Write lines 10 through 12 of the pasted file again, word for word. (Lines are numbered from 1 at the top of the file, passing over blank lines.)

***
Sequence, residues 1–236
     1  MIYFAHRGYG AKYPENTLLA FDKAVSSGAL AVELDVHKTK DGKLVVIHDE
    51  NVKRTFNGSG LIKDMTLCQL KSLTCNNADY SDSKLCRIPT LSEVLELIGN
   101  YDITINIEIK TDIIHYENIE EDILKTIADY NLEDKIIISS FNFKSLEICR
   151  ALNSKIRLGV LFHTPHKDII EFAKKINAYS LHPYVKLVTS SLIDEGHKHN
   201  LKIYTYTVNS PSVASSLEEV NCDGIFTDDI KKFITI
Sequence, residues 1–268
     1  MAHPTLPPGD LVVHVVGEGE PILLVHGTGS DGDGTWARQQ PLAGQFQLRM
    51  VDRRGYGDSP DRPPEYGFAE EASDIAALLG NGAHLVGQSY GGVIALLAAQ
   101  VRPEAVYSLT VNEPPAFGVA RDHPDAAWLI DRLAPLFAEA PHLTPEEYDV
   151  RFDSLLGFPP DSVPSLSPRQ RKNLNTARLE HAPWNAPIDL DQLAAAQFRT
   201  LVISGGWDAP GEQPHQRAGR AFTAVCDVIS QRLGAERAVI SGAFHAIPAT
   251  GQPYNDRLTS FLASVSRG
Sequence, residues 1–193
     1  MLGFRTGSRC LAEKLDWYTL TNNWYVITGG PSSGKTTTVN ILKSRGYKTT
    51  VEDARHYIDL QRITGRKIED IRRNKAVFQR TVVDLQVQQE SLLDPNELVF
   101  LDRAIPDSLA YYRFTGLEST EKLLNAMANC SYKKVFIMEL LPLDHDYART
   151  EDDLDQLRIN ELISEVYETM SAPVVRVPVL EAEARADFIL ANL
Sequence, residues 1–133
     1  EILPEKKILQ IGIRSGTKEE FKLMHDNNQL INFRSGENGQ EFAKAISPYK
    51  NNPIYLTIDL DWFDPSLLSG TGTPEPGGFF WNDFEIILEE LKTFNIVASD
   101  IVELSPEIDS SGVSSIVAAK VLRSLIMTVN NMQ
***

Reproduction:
   101  VRPEAVYSLT VNEPPAFGVA RDHPDAAWLI DRLAPLFAEA PHLTPEEYDV
   151  RFDSLLGFPP DSVPSLSPRQ RKNLNTARLE HAPWNAPIDL DQLAAAQFRT
   201  LVISGGWDAP GEQPHQRAGR AFTAVCDVIS QRLGAERAVI SGAFHAIPAT